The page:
find any statistically significant difference between dispute rates for debts purchased directly from original
creditors and for debts purchased from resellers of debts. Note, however, that this result may not be the case
for tertiary or later debt buyers, which were not included in the study.

   3. DOCUMENTS DEBT BUYERS OBTAINED FROM SELLERS AFTER PURCHASE
    As discussed above, the debt buyers in the FTC study typically received some information about the
debts at the time of sale, including the account number, outstanding balance, and basic information about
the debtor. Moreover, purchase and sale agreements typically allowed debt buyers to obtain after purchase
a certain amount of documentation from debt sellers upon request at no charge. Sellers typically agreed
to provide buyers with documents free of charge for between 10% and 25% of the debts purchased, with
time to request such media limited to between six months and three years after the date of sale. In addition,
164 Of the debts that the studied debt buyers sought to collect, debt buyers sought to collect 26.8% through internal collections,
    29.2% through placement with third-party collectors, and 31.9% through both internal collections and placement with
    third-party collectors.
165 The dispute rate also does not necessarily include all disputes relating to items on consumers’ credit reports, including
    disputes that were made by consumers to a credit reporting agency as opposed to directly to the debt collector.
166 The Commission’s recommendation that the name of the original creditor be listed on the validation notice likely would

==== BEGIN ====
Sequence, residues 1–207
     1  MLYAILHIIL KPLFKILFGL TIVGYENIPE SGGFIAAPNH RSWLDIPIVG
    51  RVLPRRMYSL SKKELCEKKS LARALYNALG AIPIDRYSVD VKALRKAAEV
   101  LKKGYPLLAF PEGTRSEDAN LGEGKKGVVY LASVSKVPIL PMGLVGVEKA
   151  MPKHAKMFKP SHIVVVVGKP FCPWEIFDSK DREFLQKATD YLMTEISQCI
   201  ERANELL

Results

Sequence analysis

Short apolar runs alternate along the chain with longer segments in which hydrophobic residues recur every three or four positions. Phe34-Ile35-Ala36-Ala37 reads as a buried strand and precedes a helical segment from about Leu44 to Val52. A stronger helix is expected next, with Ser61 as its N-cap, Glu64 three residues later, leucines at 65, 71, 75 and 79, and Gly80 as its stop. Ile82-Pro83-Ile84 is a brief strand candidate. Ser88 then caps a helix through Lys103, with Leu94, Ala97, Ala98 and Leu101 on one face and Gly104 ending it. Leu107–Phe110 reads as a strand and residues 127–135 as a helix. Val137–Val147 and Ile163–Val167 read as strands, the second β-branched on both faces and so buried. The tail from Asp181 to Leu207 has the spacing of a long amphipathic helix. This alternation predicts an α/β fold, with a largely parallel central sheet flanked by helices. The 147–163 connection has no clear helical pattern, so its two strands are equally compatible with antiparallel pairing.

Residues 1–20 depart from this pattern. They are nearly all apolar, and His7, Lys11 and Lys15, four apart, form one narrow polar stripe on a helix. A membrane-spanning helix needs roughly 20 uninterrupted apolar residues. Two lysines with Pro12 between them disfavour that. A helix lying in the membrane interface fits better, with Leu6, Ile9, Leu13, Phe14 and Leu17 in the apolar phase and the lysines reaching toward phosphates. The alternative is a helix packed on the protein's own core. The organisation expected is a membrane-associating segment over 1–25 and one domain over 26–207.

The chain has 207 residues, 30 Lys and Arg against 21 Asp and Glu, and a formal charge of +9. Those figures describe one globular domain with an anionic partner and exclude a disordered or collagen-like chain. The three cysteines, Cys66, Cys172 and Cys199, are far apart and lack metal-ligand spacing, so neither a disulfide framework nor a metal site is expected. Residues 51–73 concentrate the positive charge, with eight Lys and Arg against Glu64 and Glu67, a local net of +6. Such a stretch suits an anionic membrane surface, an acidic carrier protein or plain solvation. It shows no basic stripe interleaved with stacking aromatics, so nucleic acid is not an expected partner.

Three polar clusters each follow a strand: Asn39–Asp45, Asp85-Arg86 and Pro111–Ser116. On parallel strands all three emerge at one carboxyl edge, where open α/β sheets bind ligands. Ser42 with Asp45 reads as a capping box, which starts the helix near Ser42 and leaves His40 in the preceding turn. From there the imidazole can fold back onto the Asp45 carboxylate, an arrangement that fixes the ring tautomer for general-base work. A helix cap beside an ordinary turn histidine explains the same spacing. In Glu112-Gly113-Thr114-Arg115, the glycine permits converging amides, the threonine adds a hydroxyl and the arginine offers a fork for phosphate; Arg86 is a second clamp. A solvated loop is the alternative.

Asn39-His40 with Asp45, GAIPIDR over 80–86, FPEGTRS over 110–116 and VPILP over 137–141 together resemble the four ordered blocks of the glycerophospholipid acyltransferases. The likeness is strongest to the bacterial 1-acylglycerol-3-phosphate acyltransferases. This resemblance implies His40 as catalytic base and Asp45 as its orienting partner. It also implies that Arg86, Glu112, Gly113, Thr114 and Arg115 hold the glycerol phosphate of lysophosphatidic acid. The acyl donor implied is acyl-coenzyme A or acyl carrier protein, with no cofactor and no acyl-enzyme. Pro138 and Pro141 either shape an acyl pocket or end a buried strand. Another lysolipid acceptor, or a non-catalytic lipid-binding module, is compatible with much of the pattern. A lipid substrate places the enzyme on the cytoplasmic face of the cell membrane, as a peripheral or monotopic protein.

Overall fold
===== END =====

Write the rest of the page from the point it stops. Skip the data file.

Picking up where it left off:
decrease the probability of such disputes arising.
167 See infra Table 12.

                                                                 39
The Structure and Practices of the Debt Buying Industry


     the purchase and sale agreements usually required that debt buyers pay for information about debts that
     exceeded the amount permitted without charge under the agreements. Debt buyers typically paid a charge
     (usually between $5 and $10 per document, but sometimes higher) to original creditors for this additional
     information.

         Debt buyers may obtain additional documents after purchase from original creditors for a number of
     reasons. In some circumstances, they might acquire such documentation to enhance their collections. Debt
     buyers also might obtain these documents to comply with regulatory requirements, including investigating
     and verifying debts that consumers have disputed. Debt buyers further might obtain such documentation
     to include with a complaint or to support their arguments in debt collection litigation. The data in the
     FTC’s study, however, neither permit the Commission to determine why the studied debt buyers acquired
     additional information nor allow the FTC to determine the percentage of disputed debts or litigated matters
     for which debt buyers obtained additional information.

         The Commission’s study does, however, provide insight into the types of additional documentation debt
     buyers obtained after purchase and how often they obtained it. Table 13 shows the percentage of accounts
     for which various types of documents were obtained after purchase, and the percentage of portfolios for
     which these documents were obtained for any account, based on an analysis of 1,477,720 accounts in
     202 portfolios. Debt buyers obtained account statements after purchase for 6% of accounts, account
     applications for 6% of accounts, and terms and conditions documents for 8% of accounts. Payment
     history documents and affidavits each were obtained for less than 1% of accounts, as were all other types
     of documents combined. These findings show that the debt buyers obtained additional documentation for
     only a relatively small percentage of debts after the time of purchase. Although documents were obtained
     for only a relatively small percentage of accounts, this percentage was greater than the percentage of accounts
     that were disputed, though the Commission could not assess whether these documents actually were used for